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Rowing Terms

The wide flat section of the oar at the head of the shaft. The two types are hatchet and spoon.
(aka big blades or choppers or cleavers) These oar blades have a bigger surface area than
the "standard" or spoon blades and have a hatchet or meat cleaver shape.
The piece of equipment which each rower uses to propel the boat. In sweep rowing, each
oar is approximately 12 feet long, lightweight and well designed.
The racing boat. Shells come in configurations and sizes for single rowers, pairs, fours,
and eights. An eight is approximately 60 feet long, narrow (about two feet wide at its
widest point), and weighs about 380 pounds.
A shell configured so that each rower, uses two oars. This term is also used
interchangeably when referring to the oars used in a sculling shell, the shell itself or to the
act of rowing in a sculling shell.
A shell configured so that each rower has one oar. Oars on a sweep shell are normally
alternated from side to side.
Foot Stretcher
An adjustable bracket in a shell to which the rower's feet are secured in attached
sneakers or similar footwear.
The device that connects the oarlock to the shell and is bolted to the body of the shell.
A U-shaped swivel which holds the oar in place. It is mounted at the end of the rigger and
rotates around a metal pin.
A plastic or metal fitting tightened on the oar to keep the oar from slipping through the
oar lock.
(or track) Two tracks on which the seat moves. The seat moves forward and backwards
on the slide, enabling the rower to "gather up" his or her body at the start of the stroke
and then use the combined power of the legs, back and arms when actually executing
the slide.
(or gunnel) Top section on the sides of a shell which runs along the sides of the crew
section where the rowers are located. The riggers are secured to the gunwale with bolts.
Steering device at the stern. The rudder is connected to cables (tiller ropes) that the coxswain 
uses to steer the shell.
(or fin) A small fin located along the sern section of the hull. This helps to stablize the shell in 
holding a true course when rowing. All racing shells have a skeg. The skeg should not be confused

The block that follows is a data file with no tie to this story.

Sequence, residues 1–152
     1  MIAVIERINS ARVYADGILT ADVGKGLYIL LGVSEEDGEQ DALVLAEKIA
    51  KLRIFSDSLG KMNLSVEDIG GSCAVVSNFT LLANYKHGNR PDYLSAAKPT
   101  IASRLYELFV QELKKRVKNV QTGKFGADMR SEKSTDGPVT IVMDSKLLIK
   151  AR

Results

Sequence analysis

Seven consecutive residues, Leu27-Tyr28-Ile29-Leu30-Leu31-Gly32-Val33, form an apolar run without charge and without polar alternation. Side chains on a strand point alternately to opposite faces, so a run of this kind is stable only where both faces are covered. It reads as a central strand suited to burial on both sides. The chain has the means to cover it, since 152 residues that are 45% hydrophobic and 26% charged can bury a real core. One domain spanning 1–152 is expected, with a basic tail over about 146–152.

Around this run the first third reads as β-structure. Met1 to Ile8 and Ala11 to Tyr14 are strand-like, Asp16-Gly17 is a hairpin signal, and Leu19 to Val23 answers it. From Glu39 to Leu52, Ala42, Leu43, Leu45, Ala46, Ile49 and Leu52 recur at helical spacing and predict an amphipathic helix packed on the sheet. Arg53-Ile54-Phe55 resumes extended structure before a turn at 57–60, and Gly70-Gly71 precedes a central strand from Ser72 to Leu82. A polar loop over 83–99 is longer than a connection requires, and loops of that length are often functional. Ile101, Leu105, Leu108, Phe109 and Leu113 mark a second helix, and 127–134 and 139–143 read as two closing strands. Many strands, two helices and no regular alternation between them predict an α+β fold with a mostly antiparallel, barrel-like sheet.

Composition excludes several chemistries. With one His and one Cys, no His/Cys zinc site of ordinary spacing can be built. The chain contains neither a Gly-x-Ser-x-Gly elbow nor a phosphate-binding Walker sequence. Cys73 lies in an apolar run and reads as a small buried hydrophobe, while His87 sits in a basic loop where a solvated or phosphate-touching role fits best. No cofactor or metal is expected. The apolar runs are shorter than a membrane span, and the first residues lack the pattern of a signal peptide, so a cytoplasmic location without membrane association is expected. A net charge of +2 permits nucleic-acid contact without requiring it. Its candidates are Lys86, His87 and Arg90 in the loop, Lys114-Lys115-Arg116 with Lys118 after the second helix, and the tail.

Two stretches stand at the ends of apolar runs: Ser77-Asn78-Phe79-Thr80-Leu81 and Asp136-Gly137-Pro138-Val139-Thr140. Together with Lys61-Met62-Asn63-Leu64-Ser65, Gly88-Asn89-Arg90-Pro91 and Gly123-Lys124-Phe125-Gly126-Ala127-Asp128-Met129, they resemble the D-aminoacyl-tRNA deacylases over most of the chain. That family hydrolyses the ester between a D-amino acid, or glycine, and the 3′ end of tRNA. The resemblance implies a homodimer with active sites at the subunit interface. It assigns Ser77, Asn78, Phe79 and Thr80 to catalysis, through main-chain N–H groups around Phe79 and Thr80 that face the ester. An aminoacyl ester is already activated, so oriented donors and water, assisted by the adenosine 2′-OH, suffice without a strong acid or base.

with the rudder.
The adjustment and alteration of accessories (riggers, footstretchers, oar etc.) in and on the shell. Examples of rigging adjustments that can be made are the height of the rigger, location of the foot stretchers, location and height of the oarlocks, location of the button (or collar) on the oar and the pitch of the blade of the oar.
Collapsible/portable frames with straps upon which a shell can be placed termporarily.

Rowing Cycle Terms:

One full motion to move a shell. Is also used as a term referring to the stern-most rower who
sits nearest the coxswain.
The start of the rowing cycle at which the blade enters the water. It is accomplished by an
upward motion of the arms only. The blade of the oar must be full squared at the catch.
The act of turning the oar blade from a position perpendicular to the surface of the water to a
position parallel to the water. This is done in conjunction with the release.
A sharp downward (and away) motion of the hand which serves to remove the oar blade from the 
water and start the rowing cycle.
Part of the rowing cycle from the release up to and including where the oar blade enters the water.

A gradual rolling of the oar blade from a position (almost) perpendicular to the surface of the
water. This is accomplished during the recovery portion of the rowing cycle and is done in
preparation for the catch.
That part of the rowing cycle when the rower applies power to the oar. This is a more (or less)
blended sequence of applying power primarily with a leg drive, then the back and and finally the arms.
The last part of the drive before the release where the power is mainly coming from the back and arms.
The number of strokes per minute. Also known as stroke rating.
Power 10